By Samantha Gianulis – Apron Strings

Make your own gravy, please. Just listen to what I have to say. It’s so easy, don’t buy it already made. I believe homemade gravy to be the holiday food which pays highest dividends for the least amount of attention.

Yield: 6 cups of gravy.

4 cups of strained pan juices – from roasted turkey, chicken, beef, or combination of all three
1 stick of unsalted butter
1/2 cup of Wondra gravy flour
1/2 cup of chicken stock or broth
optional: 1/4 cup heavy cream

In a large, heavy pan over medium-high heat, melt butter and flour together, whisk until you get a roux.

When roux is the color of sand, add pan juices and mix well with wooden spoon or whisk.

When it begins to get thick (it sticks to the back of the wooden spoon), add chicken stock.

Stir until smooth and gravy is not too tight but not to loose. You can always add more chicken broth if needed.
Add cream towards the end of the cooking process.

Then again, attention is a relative term. But imagine, if you will – smooth, silky sable brown gravy. It glistens with droplets of gold. Steam rises from your homemade gravy as it waits in your grandmother’s gravy boat of a no longer manufactured china pattern she managed to save during the war. It has scents of herbs, roasted meat, cream and sweet butter…all of the wonderful ingredients that went into this bountiful reduction. And the most important ingredient was love. Follow my steps, it will show.

I admit, homemade gravy requires preparation and attention. I’ve been straining pan juices for more than a month now; pot roast pan juices, roasted chicken pan juices, and turkey breast pan juices.

Pan juices are just what they sound like; the liquid/juice/gravy/schmaltz (I do NOT call it grease) that is left behind in the pan after you roast or slow cook a large piece of meat or poultry. After I strain the pan juices from my braised and roasted meats, I freeze them in ice cube trays.

Straining is necessary, as you want your gravy – the finished product – to be smooth. You only require the liquid remnants of the roasted meat. However, you can (and I have) removed the roasted bird or pot roast and set it aside, then puree the pan juices with any vegetables you roasted in the pan along with the meat prior to straining. You will get more flavor and depth this way, but it’s a little messier and more time consuming.

Hanukkah and Christmas mornings – our family celebrates both – I begin defrosting the pan juices so I can get a head start on the gravy. It is more than a side dish, not a garnish, not a carbohydrate, not protein, not a vegetable. What is gravy?

It is necessary, under-rated, and too often rushed through. Try eating your holiday dinner without it and see what happens (bad), attempt making it from scratch and watch what unfolds (good).

Christmas morning this year, the kids and I started out with 4 cups of strained, frozen pan juices. While the pan juices were defrosting in a heavy pot, we made the roux in a separate pan. We added the pan juices to the roux, along with 1/2 cup of chicken broth.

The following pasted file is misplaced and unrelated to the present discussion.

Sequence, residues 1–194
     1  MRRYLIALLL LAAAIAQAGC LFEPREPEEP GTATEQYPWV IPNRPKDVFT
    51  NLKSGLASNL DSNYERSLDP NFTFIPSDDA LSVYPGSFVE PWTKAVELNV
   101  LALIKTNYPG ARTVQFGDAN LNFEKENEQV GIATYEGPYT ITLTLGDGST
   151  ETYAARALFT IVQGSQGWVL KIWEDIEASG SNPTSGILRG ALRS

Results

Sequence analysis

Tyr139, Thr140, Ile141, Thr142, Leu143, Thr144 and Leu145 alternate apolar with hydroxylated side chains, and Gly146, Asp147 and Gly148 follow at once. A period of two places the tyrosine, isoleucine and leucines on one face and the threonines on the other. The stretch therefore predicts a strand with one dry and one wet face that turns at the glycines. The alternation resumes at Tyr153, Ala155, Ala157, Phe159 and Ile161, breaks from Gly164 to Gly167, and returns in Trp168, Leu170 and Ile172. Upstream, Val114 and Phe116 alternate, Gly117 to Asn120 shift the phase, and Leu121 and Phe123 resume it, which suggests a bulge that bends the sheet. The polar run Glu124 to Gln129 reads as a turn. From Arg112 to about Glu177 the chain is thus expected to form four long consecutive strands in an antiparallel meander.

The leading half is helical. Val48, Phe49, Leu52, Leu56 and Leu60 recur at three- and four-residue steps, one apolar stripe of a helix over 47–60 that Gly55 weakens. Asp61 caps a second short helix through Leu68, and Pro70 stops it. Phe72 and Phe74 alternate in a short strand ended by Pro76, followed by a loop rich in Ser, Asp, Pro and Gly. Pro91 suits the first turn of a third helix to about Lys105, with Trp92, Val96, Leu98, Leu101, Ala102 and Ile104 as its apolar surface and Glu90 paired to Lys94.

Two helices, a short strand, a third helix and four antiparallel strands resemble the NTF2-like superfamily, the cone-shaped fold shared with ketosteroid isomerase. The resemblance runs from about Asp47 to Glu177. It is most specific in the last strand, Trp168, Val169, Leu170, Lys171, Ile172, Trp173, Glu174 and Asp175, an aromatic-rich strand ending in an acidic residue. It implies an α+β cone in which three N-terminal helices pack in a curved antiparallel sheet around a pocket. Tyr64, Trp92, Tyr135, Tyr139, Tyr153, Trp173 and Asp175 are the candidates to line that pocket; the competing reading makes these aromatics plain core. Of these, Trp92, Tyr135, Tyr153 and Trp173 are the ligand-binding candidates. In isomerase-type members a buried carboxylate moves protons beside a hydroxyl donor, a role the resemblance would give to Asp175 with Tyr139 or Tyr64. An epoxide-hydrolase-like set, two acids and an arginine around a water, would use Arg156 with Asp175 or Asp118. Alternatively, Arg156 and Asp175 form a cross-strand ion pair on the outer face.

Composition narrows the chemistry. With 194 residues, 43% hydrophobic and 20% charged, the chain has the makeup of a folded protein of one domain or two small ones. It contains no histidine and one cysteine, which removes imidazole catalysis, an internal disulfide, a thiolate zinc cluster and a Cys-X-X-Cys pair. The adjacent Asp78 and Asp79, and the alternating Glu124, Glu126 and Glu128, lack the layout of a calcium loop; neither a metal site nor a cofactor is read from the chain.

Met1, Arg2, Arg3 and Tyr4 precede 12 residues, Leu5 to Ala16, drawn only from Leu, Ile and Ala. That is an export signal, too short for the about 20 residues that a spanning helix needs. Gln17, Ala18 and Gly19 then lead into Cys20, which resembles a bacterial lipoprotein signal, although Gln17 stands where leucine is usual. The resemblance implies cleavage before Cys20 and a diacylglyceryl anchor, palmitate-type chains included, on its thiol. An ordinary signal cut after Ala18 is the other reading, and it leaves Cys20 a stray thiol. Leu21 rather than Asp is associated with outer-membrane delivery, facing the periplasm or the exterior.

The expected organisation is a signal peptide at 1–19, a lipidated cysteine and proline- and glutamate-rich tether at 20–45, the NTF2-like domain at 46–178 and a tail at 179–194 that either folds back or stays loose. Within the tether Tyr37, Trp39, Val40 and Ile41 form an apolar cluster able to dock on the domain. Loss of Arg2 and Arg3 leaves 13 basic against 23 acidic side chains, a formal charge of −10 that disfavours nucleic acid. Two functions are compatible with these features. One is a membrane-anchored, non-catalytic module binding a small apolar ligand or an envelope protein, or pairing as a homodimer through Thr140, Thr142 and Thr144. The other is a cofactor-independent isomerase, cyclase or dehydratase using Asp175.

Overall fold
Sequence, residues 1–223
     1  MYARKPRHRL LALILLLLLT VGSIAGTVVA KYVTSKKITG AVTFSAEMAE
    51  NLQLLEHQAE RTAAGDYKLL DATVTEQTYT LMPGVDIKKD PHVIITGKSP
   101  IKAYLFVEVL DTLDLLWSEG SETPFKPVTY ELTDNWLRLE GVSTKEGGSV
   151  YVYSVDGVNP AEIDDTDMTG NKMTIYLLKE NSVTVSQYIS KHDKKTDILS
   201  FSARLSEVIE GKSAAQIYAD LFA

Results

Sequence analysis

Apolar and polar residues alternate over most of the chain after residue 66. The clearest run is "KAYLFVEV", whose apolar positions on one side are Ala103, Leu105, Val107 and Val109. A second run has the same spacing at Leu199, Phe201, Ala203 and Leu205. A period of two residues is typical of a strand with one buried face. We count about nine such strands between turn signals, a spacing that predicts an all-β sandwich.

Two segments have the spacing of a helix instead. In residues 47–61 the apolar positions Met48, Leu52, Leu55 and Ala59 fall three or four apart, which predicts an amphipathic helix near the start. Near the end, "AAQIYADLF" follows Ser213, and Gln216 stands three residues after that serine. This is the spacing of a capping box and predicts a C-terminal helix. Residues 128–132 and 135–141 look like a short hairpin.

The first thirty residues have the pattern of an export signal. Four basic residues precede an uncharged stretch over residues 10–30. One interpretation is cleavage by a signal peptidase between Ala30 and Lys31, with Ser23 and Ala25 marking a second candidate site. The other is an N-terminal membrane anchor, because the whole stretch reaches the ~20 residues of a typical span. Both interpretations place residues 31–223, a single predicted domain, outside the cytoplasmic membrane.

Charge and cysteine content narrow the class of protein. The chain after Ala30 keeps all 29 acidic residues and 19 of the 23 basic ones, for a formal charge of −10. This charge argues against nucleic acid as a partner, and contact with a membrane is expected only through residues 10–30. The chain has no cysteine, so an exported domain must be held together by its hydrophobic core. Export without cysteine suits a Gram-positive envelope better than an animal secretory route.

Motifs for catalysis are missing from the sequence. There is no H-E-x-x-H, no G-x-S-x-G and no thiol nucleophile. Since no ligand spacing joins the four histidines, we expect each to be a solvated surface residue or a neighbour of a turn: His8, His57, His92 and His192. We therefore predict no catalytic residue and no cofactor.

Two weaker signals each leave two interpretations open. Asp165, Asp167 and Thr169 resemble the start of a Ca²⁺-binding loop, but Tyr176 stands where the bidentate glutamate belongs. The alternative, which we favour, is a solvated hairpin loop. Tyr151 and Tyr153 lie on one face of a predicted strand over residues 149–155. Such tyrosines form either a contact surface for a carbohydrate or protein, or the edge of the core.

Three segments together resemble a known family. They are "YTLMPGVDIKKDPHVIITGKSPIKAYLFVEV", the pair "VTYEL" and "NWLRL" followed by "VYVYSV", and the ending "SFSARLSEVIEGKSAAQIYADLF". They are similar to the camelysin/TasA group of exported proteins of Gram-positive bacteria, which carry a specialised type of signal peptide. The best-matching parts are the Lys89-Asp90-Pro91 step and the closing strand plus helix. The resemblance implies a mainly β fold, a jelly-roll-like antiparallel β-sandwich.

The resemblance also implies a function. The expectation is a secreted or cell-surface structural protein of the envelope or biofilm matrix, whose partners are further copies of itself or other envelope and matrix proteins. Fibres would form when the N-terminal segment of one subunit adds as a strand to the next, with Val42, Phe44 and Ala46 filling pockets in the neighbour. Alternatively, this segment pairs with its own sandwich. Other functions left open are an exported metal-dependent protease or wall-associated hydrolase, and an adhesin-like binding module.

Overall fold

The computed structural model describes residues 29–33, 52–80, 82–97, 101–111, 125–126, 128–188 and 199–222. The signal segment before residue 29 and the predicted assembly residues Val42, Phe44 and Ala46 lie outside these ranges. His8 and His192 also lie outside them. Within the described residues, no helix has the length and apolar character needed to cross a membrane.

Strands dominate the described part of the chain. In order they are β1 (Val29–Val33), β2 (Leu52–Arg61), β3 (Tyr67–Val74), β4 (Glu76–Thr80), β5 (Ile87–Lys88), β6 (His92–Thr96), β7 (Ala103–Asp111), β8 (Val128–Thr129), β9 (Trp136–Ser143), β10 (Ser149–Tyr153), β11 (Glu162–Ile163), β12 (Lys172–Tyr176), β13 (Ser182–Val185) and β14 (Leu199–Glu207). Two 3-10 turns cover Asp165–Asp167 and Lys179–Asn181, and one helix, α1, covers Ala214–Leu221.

That was it – the gravy was done. Homemade, pure and everlasting.
Those months of straining pan juices, that formulaic process of making a roux, this simple effort for such a delicious return yielded six cups of goes-on-everything perfection. I took it to my parents house for our holiday dinner and the relief of not having to cook the homemade gravy delighted my frazzled mother, and my father’s tummy made some type of hungry growl. It impressed all of the guests. It was one less thing to buy. And best of all, my kids did it with me.

We carry on tradition by performing what our souls crave.

When the kids asked me Christmas morning “What are we having at Grandma’s tonight, Momma?”

Let me show you. I’ll teach you some tradition and how to cook for yourself from scratch, to waste nothing and preserve what is worthy, that’s what we’ll do. And then tonight at the supper table, you can walk from person to person who has gravy atop their turkey and mashed potatoes, declaring proudly, “I made that.”

Everything’s just gravy, you will see.

Helene Rodriques

Helene Rodriques is a chef who cares about health she is agraduate of Keiser University Center for Culinary Arts, specializing in healthy foods. She is a teacher, lecturer & consultant on Wholefoods cooking Her kitchen provides traditional family cooking, tips to learn how to cook as well as new twists on recipes to make them healthier. RodriquesApron Strings Cooking ColumnCooking and Recipes,Emotional and Social Well-being,Family FunBy Samantha Gianulis - Apron StringsMake your own gravy, please. Just listen to what I have to say. It's so easy, don't buy it already made. I believe homemade gravy to be the holiday food which pays highest dividends for the least amount of attention.HOMEMADE GRAVY Yield: 6 cups of...Parenting Advice| Family Fun Activities for Kids